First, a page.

Five Burning Questions with Dear Evan Hansen Star Michael Park

Last updated January 12th, 2017 by Josh Ferri
Five Burning Questions with Dear Evan Hansen Star Michael P…

Two-time Emmy Award-winning As the World Turns star Michael Park is blowing away Broadway audiences as the bereaved father, Larry Murphy, in the big hit musical of the season, Dear Evan Hansen

. Park made his Broadway debut as a standby and eventual replacement for Billy Bigelow in LCT's Tony-winning Carousel. He went on to co-star in Smokey Joe's Cafe, How to Succeed in Business Without Really Trying, Cat on a Hot Tin Roof, Little Me, and last season's Tuck Everlasting. He also starred off-Broadway in the original productions of Violet and Hello Again. BroadwayBox caught up with the charming stage and screen star to talk about how the musical hits home, how the cast keeps it light backstage, and where he keeps his Emmy Awards.

1. Leaving the Music Box, the first thing I needed to know: what is the vibe like backstage before and after the show?
I like to get to the theatre early so I can get out of the world of who I am as a father and husband and the honey-do-list that greets me every night when I get home and get into my cocoon of Larry Murphy—and I know that sounds very actory but it really does prepare me for this story we are about to tell to an audience who has never heard it before. The vibe early for me is to chill out and get in my space and relax. Then comes 15 minutes to places when Ben Platt comes up with his portable speaker and we have a dance party in the hallway. (And this lad has been in the theatre as long as I have, preparing for his journey as Evan Hansen, which I can only imagine has got to be exhausting every single day. It’s a work ethic like I have not known in my 25 years of doing theatre or television.). So when he comes up we all of the sudden lose all this baggage we are about to carry on with us and we come together as the family that we are. It’s wonderful; it’s disarming; it’s communal; and it's necessary. And now I’ve become so incredibly superstitious that if it does not happen every night at the specific time, I will go to his room whether he wants a dance party or not. [Laughs] Then after the show, we are still kind of in tears backstage after every performance, and I hope that sensation never leaves me. The gratification we have and carry out to the stage door, I hope that never ceases to happen.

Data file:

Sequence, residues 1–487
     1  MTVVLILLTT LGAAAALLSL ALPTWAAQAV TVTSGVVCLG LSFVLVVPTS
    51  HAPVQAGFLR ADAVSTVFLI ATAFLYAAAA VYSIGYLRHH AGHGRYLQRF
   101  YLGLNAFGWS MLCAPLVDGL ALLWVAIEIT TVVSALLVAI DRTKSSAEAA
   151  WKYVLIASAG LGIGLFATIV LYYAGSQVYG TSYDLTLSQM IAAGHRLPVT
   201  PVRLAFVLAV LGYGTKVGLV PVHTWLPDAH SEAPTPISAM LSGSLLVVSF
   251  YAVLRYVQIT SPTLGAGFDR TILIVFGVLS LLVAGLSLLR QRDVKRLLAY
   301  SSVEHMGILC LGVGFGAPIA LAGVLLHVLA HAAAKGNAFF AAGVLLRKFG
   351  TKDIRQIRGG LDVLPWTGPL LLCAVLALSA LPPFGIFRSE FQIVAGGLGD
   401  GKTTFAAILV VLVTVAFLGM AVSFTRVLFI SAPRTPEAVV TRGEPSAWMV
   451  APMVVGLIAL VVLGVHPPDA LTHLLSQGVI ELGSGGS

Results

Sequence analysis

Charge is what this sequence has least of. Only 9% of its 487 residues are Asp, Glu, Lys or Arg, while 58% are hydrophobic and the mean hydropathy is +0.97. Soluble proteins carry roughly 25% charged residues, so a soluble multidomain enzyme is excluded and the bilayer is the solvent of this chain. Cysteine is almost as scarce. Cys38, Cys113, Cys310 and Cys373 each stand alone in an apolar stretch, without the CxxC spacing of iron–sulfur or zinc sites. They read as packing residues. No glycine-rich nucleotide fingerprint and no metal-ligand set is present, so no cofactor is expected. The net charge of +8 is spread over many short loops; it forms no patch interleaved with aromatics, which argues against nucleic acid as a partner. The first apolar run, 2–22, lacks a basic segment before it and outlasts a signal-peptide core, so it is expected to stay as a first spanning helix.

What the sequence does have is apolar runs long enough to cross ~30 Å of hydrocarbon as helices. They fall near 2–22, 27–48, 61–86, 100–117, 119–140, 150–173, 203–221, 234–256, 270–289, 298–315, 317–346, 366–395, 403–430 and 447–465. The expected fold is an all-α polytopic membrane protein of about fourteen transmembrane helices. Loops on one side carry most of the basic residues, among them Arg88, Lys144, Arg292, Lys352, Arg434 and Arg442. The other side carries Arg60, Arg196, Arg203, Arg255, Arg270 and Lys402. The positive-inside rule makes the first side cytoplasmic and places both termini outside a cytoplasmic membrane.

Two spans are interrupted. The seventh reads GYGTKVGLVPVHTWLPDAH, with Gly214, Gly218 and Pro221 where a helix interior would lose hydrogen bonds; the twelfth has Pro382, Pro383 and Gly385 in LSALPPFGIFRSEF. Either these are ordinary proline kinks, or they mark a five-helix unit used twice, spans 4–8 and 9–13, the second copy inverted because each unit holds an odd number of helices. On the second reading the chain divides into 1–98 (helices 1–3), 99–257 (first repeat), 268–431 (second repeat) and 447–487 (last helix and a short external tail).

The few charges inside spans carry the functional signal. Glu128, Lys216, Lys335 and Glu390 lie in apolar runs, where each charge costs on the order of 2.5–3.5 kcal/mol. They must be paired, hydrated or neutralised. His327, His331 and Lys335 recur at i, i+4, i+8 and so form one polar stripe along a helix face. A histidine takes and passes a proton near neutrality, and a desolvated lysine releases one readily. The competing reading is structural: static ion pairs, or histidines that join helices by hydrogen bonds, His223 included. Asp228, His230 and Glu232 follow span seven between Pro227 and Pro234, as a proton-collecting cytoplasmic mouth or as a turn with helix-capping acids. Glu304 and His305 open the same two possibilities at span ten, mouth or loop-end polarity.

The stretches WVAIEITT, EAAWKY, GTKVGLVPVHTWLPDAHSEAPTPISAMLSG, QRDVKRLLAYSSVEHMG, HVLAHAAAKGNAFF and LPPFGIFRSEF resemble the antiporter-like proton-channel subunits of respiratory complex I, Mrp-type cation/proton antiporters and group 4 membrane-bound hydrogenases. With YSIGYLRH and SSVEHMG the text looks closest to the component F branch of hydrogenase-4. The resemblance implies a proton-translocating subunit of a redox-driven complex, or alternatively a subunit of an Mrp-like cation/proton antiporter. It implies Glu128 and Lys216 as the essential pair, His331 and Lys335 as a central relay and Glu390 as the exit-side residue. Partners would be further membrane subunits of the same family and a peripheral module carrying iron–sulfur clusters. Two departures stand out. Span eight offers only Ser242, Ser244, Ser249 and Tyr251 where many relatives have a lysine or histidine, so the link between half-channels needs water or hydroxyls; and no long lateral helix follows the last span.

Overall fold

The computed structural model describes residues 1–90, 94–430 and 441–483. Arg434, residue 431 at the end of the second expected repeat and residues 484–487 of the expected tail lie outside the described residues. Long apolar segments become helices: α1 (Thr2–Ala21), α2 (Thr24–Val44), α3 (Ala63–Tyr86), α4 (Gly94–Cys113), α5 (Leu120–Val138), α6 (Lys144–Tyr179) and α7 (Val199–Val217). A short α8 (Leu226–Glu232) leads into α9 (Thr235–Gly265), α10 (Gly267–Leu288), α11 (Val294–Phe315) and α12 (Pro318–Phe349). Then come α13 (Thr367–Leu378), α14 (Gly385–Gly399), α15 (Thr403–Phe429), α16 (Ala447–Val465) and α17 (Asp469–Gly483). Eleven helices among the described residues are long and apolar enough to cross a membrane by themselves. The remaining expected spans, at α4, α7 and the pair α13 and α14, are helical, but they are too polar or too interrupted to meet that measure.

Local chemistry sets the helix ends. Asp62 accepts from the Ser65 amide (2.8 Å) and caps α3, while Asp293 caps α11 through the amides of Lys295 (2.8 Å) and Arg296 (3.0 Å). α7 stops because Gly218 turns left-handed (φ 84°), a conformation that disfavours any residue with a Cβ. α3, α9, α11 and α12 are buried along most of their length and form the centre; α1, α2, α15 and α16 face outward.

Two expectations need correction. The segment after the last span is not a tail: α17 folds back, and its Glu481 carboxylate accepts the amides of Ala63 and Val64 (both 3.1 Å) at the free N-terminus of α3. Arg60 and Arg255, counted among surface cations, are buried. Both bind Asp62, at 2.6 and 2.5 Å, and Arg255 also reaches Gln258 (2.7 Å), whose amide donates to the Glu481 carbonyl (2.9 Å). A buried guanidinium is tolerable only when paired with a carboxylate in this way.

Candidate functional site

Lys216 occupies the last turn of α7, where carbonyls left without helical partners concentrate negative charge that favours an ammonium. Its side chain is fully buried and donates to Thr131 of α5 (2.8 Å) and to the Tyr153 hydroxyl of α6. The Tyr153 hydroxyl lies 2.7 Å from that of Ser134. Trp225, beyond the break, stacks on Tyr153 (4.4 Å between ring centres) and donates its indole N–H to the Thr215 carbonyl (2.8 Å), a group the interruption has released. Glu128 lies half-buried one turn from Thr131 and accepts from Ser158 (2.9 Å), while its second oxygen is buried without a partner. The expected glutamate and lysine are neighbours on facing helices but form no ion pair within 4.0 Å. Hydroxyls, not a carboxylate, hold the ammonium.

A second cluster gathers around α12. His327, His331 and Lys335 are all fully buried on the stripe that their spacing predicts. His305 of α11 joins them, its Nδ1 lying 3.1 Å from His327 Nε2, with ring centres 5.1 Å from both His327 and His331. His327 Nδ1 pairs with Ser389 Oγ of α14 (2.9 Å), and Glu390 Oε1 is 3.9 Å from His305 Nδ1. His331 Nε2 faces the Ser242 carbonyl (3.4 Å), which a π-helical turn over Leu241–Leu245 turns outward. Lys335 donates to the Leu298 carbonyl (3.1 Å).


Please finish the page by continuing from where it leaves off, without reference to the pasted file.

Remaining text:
2. While we are talking about prep and character, did you and Jennifer Laura Thompson speak to parents who lost a child? How did you prepare?
I lost my sister when I was 16 years old and she was 14. I lost her to leukemia. So, I carry that and those experiences with me every day, forget every night. I watched my parents go through the loss of a child and the strength that they had and the way they picked us up during that time. The fact that the family came together (uncles, aunts, cousins, grandparents); we all bonded together unlike anything I’ve ever experienced. At that time (I think it was around ’85), we weren’t the first ones to jump and see a therapist, but we had our family therapy and our parish priests to talk to. Everything was accessible to us. That was a very, very monumental moment in my life, and I’d be lying if I said in some way I’m not carrying the memory of how my parents dealt with those situations with me. Also, I lost my father almost two years ago, and I didn't realize how much of an influence he had on my life until I started doing this show. It’s really amazing how art and life have a certain synergy to create a feeling and being onstage. This show is somewhat dedicated to everyone I’ve ever lost in my life. It also makes me want to go home and hug my kids every night.

3. The audience at Dear Evan Hansen is so audibly reacting to this material. How does that fuel the cast?
To be honest, I have to say the eight characters onstage have this journey to go on whether the audience is there or not. The fourth wall is kind of legitimate. We are going to be living in this space for the next two and a half hours. It doesn’t have a bearing, especially to my character. [Larry Murphy] is heavy in a way. He’s a dark being. So I don’t get to hear the laughter and feel the togetherness of the audience so much until after the dinner with Heidi. This might be a better question for Will Roland or Kristolyn Lloyd, our incredible comic relief. But I’m so grateful and fortunate to have this audience. [Dear Evan Hansen] is so inclusive. It’s supposed to reach every single person. I’m very happy every night.

4. Where do you keep your two Emmy Awards?
My costar, Maura West, and I were absolutely overjoyed we received them together for Outstanding Lead Actor and Actress. I’m going to be honest. The self-deprecating part of me kept the first one in the bathroom—just to equalize it a bit. My wife thought it was a touch morose and a bit gross, so we have them on a mantel now. My wife has a music room where she conducts her sessions, so we keep them in the music room. A lot of people come over to the house just to take a picture with one of them. It was a nice parting gift for the 13 years I spent on As the World Turns.

5. What are the three websites you visit the most?
Mashable is definitely one of them. Yahoo for Yahoo Sports, because we still have the How to Succeed in Business football league. It’s like a religion to us. Daniel Radcliffe is a beast in that league, and my team is absolutely horrendous this year. But that means next year we’ll be that much better, so everybody better watch out because I’m coming for them. Then the third is CNN, just to keep up with the news. This political season has just been awful, and that’s why Dear Evan Hansen is so incredibly important, more now than ever.

Bring your tissues to Broadway's Music Box Theatre when you go see Michael Park in 'Dear Evan Hansen'.